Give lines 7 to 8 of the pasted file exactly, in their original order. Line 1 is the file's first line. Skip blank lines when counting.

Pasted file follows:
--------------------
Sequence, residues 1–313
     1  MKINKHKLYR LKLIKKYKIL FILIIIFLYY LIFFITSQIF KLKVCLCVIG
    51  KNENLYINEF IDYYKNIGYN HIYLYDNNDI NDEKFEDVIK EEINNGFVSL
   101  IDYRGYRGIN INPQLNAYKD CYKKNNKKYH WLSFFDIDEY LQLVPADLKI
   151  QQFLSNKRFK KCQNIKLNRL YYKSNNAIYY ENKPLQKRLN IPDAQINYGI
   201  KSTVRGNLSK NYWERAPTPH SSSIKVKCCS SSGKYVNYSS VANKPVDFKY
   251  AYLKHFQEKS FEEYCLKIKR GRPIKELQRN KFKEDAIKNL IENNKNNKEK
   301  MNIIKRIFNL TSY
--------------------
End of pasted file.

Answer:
   251  AYLKHFQEKS FEEYCLKIKR GRPIKELQRN KFKEDAIKNL IENNKNNKEK
   301  MNIIKRIFNL TSY